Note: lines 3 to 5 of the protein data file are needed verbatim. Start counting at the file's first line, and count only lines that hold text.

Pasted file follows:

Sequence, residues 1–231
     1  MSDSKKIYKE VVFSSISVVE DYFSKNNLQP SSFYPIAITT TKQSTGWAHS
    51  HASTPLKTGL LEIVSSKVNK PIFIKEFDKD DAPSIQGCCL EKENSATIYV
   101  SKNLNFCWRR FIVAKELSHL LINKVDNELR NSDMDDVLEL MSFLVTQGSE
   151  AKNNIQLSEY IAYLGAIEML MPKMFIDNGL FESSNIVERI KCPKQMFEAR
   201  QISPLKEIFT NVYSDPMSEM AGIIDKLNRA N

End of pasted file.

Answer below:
    51  HASTPLKTGL LEIVSSKVNK PIFIKEFDKD DAPSIQGCCL EKENSATIYV
   101  SKNLNFCWRR FIVAKELSHL LINKVDNELR NSDMDDVLEL MSFLVTQGSE
   151  AKNNIQLSEY IAYLGAIEML MPKMFIDNGL FESSNIVERI KCPKQMFEAR